reviews the rationale behind the choice between the two markers and
their probable origins. Although the article is generously supplied with
interesting data, a more detailed morpheme break up in the longer
narratives would be appreciated by a curious reader.
Chapter 9 Adpositions as a non-universal category. On the basis of
crosslinguistic evidence from several languages and Klamath in
particular, Scott DeLancey reasons that there is no useful sense in
which the category of adposition can be considered a linguistic
universal. Klamath proves to be an interesting case for the debate. It
offers a singleton category candidate for adposition while other
adpositional functions can be integrated into e.g., certain kind of
compound verbs. In sum, the function of adpositions is always
present in any language, but it's expression cross-linguistically is in
Chapter 10 Understanding antigemination. Juliette Blevins advocates
for Evolutionary Phonology approach in the attempt to explain the
phenomenon of antigemination (instances of blocking gemination).
Alternative approaches by McCarthy (1986) and Odden (1988) are
weakened by the operation of the tier conflation and suggestion that
OCP is not a component of Universal Grammar respectively. Blevins'
Evolutionary Phonology working hypothesis is that common sound
patterns result from common phonetically motivated sound change.
According to Blevins, it provides a simpler solution for antigemination.
Sequences of identical consonants will more readily resist re-
interpretation as geminates in languages with pre-existing
consonantal length contrast, and it will belong to a class of natural
histories. In languages where pre-existing length contrasts are absent,
the antigemination processes will fall into the class of unnatural
Chapter 11 What it means to be rare: the variability of person
marking. Michael Cysouw calls to bring up to date the relationship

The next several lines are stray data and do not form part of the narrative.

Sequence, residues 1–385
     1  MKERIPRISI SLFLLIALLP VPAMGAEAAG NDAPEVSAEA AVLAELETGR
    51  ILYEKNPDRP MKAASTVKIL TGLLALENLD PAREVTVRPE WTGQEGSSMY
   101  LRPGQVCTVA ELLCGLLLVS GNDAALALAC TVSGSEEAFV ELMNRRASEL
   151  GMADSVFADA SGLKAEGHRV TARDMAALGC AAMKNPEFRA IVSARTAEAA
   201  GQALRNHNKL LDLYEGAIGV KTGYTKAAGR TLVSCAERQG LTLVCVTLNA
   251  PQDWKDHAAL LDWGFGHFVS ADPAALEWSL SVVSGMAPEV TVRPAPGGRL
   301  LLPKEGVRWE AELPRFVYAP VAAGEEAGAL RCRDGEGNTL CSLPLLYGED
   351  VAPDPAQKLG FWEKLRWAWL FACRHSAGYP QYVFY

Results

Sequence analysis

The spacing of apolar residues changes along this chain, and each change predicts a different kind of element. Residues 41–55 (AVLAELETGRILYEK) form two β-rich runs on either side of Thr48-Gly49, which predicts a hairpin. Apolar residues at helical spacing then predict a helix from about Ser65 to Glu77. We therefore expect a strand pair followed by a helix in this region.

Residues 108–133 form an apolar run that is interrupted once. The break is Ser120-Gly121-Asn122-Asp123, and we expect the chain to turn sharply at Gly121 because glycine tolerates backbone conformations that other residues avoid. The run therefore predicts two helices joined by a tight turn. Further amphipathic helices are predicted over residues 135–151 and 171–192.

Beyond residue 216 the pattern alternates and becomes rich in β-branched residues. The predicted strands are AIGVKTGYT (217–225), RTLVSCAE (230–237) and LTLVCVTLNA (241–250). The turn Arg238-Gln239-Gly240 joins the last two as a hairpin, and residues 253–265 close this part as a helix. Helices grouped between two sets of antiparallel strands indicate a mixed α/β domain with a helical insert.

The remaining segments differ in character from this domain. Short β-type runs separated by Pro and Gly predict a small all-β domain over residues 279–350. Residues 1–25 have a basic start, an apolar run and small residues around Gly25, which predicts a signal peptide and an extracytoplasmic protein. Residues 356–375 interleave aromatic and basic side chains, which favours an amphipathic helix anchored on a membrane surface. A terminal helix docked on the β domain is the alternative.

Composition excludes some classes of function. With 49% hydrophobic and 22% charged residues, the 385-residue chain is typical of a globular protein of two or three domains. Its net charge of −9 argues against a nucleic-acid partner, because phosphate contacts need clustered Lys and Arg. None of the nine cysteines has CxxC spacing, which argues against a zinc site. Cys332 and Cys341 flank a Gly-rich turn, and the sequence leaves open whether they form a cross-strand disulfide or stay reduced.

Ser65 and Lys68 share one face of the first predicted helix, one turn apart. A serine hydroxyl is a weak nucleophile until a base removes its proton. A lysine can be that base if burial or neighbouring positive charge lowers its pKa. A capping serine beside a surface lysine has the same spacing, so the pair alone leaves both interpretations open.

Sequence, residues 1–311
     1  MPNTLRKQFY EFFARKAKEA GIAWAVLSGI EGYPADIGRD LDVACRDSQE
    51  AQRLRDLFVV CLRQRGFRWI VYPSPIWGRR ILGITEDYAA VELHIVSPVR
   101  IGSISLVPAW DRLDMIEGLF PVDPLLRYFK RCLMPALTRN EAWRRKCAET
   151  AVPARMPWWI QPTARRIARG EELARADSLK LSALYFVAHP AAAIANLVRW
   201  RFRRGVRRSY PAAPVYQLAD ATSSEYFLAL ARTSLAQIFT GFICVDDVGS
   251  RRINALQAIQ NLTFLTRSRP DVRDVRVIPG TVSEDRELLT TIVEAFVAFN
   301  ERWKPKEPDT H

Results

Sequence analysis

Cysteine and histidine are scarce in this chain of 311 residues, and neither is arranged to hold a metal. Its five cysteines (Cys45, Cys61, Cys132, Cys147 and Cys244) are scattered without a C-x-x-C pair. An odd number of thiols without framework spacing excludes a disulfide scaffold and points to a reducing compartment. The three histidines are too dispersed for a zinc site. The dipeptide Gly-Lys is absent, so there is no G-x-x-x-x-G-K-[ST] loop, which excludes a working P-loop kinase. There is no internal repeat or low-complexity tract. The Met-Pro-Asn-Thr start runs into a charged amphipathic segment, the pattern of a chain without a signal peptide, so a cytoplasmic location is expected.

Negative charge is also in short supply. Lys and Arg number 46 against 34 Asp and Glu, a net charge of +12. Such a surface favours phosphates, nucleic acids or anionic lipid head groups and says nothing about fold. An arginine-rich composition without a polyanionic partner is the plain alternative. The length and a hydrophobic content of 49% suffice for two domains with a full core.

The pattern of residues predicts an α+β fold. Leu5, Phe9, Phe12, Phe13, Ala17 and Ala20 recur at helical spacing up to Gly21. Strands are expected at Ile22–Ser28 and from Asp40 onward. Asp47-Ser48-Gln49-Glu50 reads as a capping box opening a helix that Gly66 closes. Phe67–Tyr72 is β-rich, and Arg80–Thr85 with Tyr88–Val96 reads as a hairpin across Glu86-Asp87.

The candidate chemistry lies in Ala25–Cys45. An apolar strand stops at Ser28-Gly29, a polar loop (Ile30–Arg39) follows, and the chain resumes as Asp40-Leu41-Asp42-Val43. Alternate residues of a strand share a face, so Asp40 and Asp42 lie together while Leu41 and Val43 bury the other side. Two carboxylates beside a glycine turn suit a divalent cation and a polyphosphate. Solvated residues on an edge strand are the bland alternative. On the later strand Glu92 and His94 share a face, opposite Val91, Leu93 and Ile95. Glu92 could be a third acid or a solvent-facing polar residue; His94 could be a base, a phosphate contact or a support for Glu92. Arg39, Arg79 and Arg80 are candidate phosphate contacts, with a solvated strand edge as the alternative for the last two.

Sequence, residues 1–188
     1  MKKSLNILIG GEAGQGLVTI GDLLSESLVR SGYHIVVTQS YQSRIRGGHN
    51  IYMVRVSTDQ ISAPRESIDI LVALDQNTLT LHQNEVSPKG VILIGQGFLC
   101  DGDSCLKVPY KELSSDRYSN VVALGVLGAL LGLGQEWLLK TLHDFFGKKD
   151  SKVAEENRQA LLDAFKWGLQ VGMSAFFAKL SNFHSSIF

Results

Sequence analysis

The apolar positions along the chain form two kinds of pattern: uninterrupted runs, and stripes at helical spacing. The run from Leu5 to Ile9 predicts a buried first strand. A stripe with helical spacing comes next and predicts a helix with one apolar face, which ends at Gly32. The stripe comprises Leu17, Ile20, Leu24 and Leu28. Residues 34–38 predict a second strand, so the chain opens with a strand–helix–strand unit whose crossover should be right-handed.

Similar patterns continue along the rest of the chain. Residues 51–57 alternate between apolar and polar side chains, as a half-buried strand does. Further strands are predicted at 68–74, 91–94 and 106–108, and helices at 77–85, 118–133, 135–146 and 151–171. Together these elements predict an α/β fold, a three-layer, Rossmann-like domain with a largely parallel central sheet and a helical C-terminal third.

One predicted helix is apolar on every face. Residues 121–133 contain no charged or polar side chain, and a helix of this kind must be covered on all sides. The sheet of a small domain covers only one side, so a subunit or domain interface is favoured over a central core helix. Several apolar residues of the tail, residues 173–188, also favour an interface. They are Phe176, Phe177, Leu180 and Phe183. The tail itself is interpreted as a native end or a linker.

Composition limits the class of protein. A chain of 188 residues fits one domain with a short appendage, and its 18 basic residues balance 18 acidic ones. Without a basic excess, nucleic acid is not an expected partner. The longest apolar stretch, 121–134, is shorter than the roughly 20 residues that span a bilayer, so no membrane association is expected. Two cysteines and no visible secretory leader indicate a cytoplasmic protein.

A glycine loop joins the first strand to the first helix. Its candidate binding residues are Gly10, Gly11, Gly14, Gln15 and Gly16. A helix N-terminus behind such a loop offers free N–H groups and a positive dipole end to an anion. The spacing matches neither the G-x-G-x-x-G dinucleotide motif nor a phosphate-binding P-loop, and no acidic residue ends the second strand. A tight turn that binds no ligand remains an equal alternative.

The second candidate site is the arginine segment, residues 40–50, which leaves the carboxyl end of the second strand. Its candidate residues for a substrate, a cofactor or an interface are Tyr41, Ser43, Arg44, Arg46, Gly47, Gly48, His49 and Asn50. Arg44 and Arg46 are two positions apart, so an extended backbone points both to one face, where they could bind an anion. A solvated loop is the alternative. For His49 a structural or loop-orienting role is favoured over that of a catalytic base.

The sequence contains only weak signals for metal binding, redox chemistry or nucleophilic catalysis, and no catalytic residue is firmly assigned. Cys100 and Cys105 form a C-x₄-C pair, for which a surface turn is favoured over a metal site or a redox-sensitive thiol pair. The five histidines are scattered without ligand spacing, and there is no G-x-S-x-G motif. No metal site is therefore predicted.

between linguistic variability and the explanatory power of linguistic
theory. His research is motivated by the question: how much of
linguistic variation should be explained by a theory for it to be
considered sufficient or good? Cysouw does not offer solutions but
he sure raises good questions. For example, methodological
concerns are a challenge in itself. Cysouw states that his collection of
person marking cases is rather ad hoc; but the general tendency in
typology is to sample the most common cases and leave out the
uncommon ones. It is hard to develop a procedure for sampling
possible, yet rare, cases.
Chapter 12 The principle of Functional Transparency in language
structure and in language evolution. Zygmunt Frajzyngier's
Functional Transparency refers to functional domains coded in the
language. Frajzyngier first discusses the three components of the
principle: i) every utterance has a transparent role in discourse; ii)
every constituent has a transparent role within the utterance; iii) the
choice of the role of the constituent is dictated by the functional
domains coded in the language rather than by addressee's needs to
understand the role of the constituent in some real world. Next, the
author identifies and exemplifies the coding means available across
languages (not necessarily in every language). These are: lexicon
(especially where lexical items encode inherent constituent information
like 'verb'), linear order, adpositional coding, conjunctions and
other 'function' words, inflectional coding, phonological means. The
systems proposed by Frajzyngier appears to be elegant and
straightforward, but it is not immediately obvious how would the author